The Internal Revenue Service (IRS) is neglecting its responsibilities toward the nation’s poorest citizens. The agency uses private debt-collectors to collect unpaid taxes, an unscrupulous practice that harms the poor and costs society.
Government watchdog group the National Taxpayer Advocate cautioned Wednesday that a “review of tax returns filed as of late September by 4,141 taxpayers who made tax payments after their cases were assigned to private collectors found that 19% of the group had incomes below the federal poverty level… Additionally, 25% of the group had incomes below 250% of the federal poverty level, a common low-income marker. They had a median income of $23,096.”
IRS principles prohibit agents from targeting people who are unable to support themselves. It would be cruel to suck money from someone who can’t pay their rent or is struggling to afford groceries.
Private debt-collectors, however, follow no such principle. 19% of the people they harassed last year were too poor to be able to afford payments.
“While Congress directed the IRS to use private debt-collection firms to seek nearly $400 billion owed, the tax agency also was expected to follow an existing rule designed to ensure that taxpayers… have an adequate means to provide for basic expenses,” National Taxpayer Advocate Nina Olson said in the annual report to Congress.
“No one is making the IRS make these bad decisions… The harm to these taxpayers is something IRS leadership consciously decided to do despite my personal efforts, and those of my organization, to stop it.”
The worst part of the debacle is that it’s actually costing the country money. The agency spent far more on private contractors than it was worth. $20 million was spent last year, yet the program only brought in a little over six million.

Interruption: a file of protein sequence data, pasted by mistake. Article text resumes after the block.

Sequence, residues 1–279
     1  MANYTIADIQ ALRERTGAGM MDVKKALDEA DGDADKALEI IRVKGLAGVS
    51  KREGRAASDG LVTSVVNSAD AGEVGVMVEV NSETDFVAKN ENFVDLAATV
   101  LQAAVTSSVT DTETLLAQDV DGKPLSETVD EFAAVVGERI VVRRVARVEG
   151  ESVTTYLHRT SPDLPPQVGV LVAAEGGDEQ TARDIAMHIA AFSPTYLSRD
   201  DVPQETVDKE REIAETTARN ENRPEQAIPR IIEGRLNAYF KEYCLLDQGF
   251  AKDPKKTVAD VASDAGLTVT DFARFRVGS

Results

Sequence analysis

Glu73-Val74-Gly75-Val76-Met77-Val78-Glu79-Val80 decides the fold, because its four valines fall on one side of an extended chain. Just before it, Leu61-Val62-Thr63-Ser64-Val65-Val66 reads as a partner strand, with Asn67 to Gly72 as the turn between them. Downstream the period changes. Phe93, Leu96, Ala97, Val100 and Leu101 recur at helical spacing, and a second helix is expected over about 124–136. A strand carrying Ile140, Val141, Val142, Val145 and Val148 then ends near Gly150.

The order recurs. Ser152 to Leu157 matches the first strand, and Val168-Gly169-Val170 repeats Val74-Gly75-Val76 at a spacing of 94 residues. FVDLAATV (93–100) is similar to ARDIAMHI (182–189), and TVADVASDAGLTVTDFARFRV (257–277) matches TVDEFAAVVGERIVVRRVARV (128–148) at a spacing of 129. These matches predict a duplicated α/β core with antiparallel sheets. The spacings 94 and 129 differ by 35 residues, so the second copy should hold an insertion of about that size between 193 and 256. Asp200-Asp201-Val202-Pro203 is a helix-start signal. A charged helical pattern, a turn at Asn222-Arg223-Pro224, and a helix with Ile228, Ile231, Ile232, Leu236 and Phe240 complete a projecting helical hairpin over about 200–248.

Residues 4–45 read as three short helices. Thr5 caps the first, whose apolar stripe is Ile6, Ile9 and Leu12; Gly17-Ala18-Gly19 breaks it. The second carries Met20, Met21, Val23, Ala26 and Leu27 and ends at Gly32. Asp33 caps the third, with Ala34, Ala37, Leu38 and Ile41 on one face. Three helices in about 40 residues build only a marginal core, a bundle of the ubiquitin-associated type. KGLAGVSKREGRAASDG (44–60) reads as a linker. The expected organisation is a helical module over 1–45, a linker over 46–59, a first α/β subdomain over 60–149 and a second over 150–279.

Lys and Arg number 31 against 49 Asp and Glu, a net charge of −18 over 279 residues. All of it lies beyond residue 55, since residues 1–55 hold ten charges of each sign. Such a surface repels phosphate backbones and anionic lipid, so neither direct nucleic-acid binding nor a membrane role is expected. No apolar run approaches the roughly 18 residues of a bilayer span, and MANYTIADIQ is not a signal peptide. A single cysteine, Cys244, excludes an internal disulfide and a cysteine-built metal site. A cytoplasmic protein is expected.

“The program as implemented has not generated net revenues and results in the IRS improperly paying commissions to [private collection agencies] for work the did not perform,” reads a report by the National Taxpayer Advocate.
“In the meantime, the most vulnerable taxpayers are making payments and entering into installment agreements they cannot afford, according to the IRS’s own measures.”
President Trump is a marvel. He’s an energetic, strong leader who isn’t handicapped by inane political considerations. If a regular, Washington-grown politician was in office in right now it would be foolish to expect changes at the IRS. President Trump, however, may be able to get something done.
“Thus, it does not appear that the (private-collection agencies) are particularly effective in collecting the debts assigned to them,” reads Olson’s report. “In any event, the cost of the (private debt collection) program thus far exceeds the revenue it generates.”
Tax collection is too critical to be outsourced. The government’s failed attempt to save a few bucks not only cost millions, but it caused irreparable harm to already struggling families. Are they going to trust their government now?
“Being a tax law professor, I may be biased, but I think tax collection is different,” Professor Adam Chodorow wrote for Slate.
“Administering the tax system lies at the heart of the government’s duties… How they are collected has the potential to shape our view of the government and our obligations as citizens. Keeping tax collection in-house offers a number of advantages. The IRS has a detailed manual that clearly lays out what agents can and cannot do. The IRS can easily monitor its employees and discipline those who violate the rules. It can also modify the rules as issues arise. When considering how best to proceed against delinquent taxpayers, agents are instructed to take a variety of considerations into account.”